I was also unsure about whether I felt qualified to write about the subject. Is it solely the “property” of those with Asperger’s – some people would argue yes – but, if so, why should loved-ones and friends who are affected by its impact be denied a say? That didn’t seem fair to me.

There followed a long process of reading about and meeting people with the condition (some people would even question its description as a “condition”); of asking who is affected by it; who should make decisions about it and its “treatment”; and critically, who has the right to define it? Who owns it?

The compromise I reached was to write a novel – to use the “research” I’d accumulated over years of observing someone with undiagnosed Asperger’s, but to elaborate on that and the issues it raised through a character who is entirely fictional. While my experience of my father-in-law was undoubtedly the starting point for George Lovelace, the character evolved during a lengthier journey.

An important factor in my decision to write the book was that, in the final weeks of his life, Andrew accepted that he probably was on the spectrum. Like many people with high-functioning autism, he was successful professionally, highly intelligent, and articulate. As well as being curious, practical, and well-travelled, he seemed to excel in whatever he turned his hand to, including mountaineering, marathon running and ballroom dancing.

He was also solitary, friendless, humourless, highly routinised, unemotional and intractable. His disengaged, deadpan reactions to emotionally engaged situations became the stuff of enduring family anecdotes. When I told him that I had been made redundant, he smiled and walked away. In restaurants he would get up after he had finished his meal, while everyone else was still eating, and wait for us in the car park.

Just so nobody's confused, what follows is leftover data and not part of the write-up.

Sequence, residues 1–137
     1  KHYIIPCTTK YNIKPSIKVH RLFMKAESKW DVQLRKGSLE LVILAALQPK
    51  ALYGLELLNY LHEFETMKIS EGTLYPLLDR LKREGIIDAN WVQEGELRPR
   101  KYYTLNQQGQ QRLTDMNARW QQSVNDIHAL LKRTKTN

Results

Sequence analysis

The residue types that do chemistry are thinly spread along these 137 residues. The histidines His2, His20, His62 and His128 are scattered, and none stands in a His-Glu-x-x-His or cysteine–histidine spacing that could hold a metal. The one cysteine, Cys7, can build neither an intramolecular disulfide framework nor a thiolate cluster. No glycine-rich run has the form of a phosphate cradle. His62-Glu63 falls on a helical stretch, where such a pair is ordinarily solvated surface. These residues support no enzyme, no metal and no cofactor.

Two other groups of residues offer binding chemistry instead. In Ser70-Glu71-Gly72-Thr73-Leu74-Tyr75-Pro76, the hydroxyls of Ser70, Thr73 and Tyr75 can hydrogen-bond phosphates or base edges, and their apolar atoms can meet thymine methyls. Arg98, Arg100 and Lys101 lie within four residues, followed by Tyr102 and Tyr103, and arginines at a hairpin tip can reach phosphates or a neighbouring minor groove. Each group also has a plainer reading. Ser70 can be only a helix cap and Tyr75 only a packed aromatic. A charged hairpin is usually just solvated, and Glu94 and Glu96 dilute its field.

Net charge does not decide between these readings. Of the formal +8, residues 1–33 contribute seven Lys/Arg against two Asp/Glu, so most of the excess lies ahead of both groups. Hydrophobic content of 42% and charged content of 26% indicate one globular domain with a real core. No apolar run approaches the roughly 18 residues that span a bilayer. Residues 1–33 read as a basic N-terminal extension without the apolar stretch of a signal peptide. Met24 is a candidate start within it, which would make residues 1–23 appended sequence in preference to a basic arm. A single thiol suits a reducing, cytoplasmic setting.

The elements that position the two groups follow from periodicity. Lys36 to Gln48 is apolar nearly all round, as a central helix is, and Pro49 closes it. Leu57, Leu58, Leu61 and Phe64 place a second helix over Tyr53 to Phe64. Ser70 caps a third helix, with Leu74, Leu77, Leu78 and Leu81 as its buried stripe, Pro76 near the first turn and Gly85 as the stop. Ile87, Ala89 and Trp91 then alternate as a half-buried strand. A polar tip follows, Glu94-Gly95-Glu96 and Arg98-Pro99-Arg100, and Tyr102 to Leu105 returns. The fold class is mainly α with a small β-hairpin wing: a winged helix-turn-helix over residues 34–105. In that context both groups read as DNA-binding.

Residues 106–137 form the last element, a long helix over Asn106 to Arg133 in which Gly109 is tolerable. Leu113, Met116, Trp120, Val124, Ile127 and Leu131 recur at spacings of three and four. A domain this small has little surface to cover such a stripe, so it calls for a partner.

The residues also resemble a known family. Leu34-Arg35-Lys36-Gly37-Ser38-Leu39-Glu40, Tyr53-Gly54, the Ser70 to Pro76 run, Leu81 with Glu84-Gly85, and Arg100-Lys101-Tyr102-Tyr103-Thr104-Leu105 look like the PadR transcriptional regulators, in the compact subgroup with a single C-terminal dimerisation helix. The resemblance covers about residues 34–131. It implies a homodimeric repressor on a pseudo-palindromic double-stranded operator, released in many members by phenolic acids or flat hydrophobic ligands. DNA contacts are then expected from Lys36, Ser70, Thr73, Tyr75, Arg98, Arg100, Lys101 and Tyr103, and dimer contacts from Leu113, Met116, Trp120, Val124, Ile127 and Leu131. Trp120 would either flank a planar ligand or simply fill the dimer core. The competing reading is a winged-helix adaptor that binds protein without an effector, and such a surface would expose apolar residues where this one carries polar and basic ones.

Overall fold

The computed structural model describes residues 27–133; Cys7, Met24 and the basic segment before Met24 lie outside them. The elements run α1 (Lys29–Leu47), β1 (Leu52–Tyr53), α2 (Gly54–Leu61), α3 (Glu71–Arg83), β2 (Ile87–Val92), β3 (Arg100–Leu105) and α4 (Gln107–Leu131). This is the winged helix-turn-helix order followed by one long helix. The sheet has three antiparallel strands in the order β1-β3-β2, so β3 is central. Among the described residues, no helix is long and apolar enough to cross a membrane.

He arrived on our doorstep at eight o’clock one Sunday morning and, without any formalities, asked to speak to Hilary. I told him she had gone into hospital the day before, suffering from chronic stomach cramps, and that she had been kept in overnight. After staring at me blankly for a few seconds, he said: “Can I borrow your mitre saw?”

There was, however, a much more serious side to such behaviour. Hilary suffered enormously from having a father who was seemingly incapable of expressing or demonstrating emotion. If she tried to hug him, he became visibly discomfited and the closest he came to telling her that he loved her was, shortly before he died and confined to his bed, he said that she and her brother, Paul, were his greatest achievement.

Having a label to explain what could appear to be Andrew’s coldness and inhibition was a great comfort to Hilary, who had spent years feeling confused and often hurt and alienated by his seeming inability to communicate with her on anything but the shallowest level.

In writing There’s a Problem with Dad, I hope it strikes a chord with people who think they know someone with undiagnosed, high-functioning autism and that they will perhaps look at that person and their behaviour in a more understanding light.

There's a Problem with Dad by Carlos Alba is published by Ringwood on May 12. It’s available to pre order at: